If you still want to do this, I recommend reading the comments on this blogpost as they contain some good hints.

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One totally legitimate use case for getting the 64b ProgFiles from a 32b program is when it's trying to back up your computer but wants to ignore Program Files. Of course you want to ignore the 64b Program Files folder too. –  Roman Plášil Mar 20 at 3:47

You're on the right path - Use the KNOWNFOLDERID of FOLDERID_ProgramFilesX64

The SHGetKnownFolderPath function can be used to retrieve the full path of a given KnownFolder.

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Isn't that only available on Vista or later? What happens when codde calls this on pre-Vista Windows? –  paxdiablo Jan 15 '09 at 0:41
I just hit that problem, I need it to work on XP and Server 2003 x64 too. –  s d Jan 15 '09 at 0:51
SHGetKnownFolderPath with FOLDERID_ProgramFilesX64 does not work on 32-bit versions of Windows. It is/was documented as working but, unfortunately, it does not actually work. See the Community Content section here: msdn.microsoft.com/en-us/library/bb762584%28VS.85%29.aspx –  Leo Davidson Mar 7 '11 at 11:28
Use SHGetFolderPath on XP. –  BruceCran May 4 '12 at 8:07

This is almost certainly a bad idea, according to a recent-ish post by the infamous Raymond Chen. See here for details. Bottom line, I think it can be done, but it's a lot of hard work and there's almost certainly an easier way.

Microsoft built the WOW emulation layer to make your life easier. Don't waste all their time and effort by fighting it :-).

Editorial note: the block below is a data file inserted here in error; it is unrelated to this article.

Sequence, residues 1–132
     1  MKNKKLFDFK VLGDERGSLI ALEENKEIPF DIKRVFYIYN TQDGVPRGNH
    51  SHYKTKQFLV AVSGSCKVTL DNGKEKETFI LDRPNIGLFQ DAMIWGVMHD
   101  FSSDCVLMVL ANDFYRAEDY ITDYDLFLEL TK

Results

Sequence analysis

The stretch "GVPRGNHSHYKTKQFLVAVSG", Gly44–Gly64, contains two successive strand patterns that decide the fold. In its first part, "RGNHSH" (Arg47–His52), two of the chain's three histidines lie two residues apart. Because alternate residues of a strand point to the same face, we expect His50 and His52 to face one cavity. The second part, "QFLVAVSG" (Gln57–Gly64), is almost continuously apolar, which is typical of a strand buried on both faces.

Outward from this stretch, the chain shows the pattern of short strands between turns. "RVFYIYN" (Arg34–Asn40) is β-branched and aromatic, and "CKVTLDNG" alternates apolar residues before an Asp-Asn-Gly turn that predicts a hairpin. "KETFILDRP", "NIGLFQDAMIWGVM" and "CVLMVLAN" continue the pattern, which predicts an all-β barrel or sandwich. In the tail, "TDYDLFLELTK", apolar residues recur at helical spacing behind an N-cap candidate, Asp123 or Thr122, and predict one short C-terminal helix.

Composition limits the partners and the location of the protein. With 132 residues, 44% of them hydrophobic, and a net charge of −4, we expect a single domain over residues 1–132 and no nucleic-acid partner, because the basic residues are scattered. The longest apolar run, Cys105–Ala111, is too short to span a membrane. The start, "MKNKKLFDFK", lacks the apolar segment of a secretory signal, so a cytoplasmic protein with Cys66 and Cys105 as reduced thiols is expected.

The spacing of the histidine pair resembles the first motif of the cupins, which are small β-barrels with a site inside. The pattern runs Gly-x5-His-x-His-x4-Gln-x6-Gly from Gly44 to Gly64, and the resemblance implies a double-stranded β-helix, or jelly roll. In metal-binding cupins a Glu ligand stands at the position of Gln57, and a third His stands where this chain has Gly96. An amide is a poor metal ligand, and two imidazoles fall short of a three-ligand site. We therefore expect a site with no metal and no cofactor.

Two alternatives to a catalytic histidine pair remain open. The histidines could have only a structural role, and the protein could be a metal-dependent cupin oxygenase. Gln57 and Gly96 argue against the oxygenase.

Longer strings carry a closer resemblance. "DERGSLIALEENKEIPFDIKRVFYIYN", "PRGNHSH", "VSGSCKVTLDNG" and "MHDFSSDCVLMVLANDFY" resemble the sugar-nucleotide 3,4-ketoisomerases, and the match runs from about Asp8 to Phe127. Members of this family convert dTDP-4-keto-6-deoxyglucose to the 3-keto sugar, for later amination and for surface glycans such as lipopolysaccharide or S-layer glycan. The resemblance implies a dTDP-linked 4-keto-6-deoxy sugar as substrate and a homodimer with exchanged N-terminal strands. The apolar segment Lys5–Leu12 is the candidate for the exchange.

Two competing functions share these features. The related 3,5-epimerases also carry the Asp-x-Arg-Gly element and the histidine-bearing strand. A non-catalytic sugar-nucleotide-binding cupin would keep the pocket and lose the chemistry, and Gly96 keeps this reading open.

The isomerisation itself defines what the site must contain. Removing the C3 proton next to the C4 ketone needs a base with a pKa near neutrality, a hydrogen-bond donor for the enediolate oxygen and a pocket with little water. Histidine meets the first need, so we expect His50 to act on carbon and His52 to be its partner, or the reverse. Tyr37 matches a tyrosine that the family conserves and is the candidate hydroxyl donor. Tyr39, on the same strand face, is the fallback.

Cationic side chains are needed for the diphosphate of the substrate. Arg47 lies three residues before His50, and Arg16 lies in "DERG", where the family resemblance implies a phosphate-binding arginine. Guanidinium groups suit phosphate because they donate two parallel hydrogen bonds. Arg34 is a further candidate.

Perhaps if you told us why you need the non-WOW Program Files directory, we could assist further.

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I needed it to get the x64 Program Folder from a Logonscript and used:

Dim oWshShell : Set oWshShell = CreateObject("WScript.Shell")
Dim sProgramDirPath : sProgramDirPath = 

WScript.Echo sProgramDirPath
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The best and universal way to get path to "Program Files", is to query it from the registry:

64-Bit-Process can query: HKEY_LOCAL_MACHINE\SOFTWARE\Microsoft\Windows\CurrentVersion\ProgramFilesDir to get "C:\Program Files" HKEY_LOCAL_MACHINE\SOFTWARE\Wow6432Node\Microsoft\Windows\CurrentVersion\ProgramFilesDir to get "C:\Program Files (x86)"

32-Bit-Process (Wow64) can query: HKEY_LOCAL_MACHINE\SOFTWARE\Microsoft\Windows\CurrentVersion\ProgramFilesDir to get "C:\Program Files (x86)" HKEY_LOCAL_MACHINE\SOFTWARE\Microsoft\Windows\CurrentVersion\ProgramFilesDir with KEY_WOW64_64KEY option! to get "C:\Program Files"


OpenKey(hKey, HKEY_LOCAL_MACHINE, L"SOFTWARE\\Microsoft\\Windows\\CurrentVersion", KEY_READ | KEY_WOW64_64KEY);
QueryStringValue(hKey, L"ProgramFilesDir", sValue);
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You should use the API functions to fetch the location: SHGetFolderPath or ExpandEnvironmentStrings. –  BruceCran May 4 '12 at 8:08
What if the registry keys change in Windows 9? –  Roman Plášil Mar 20 at 2:13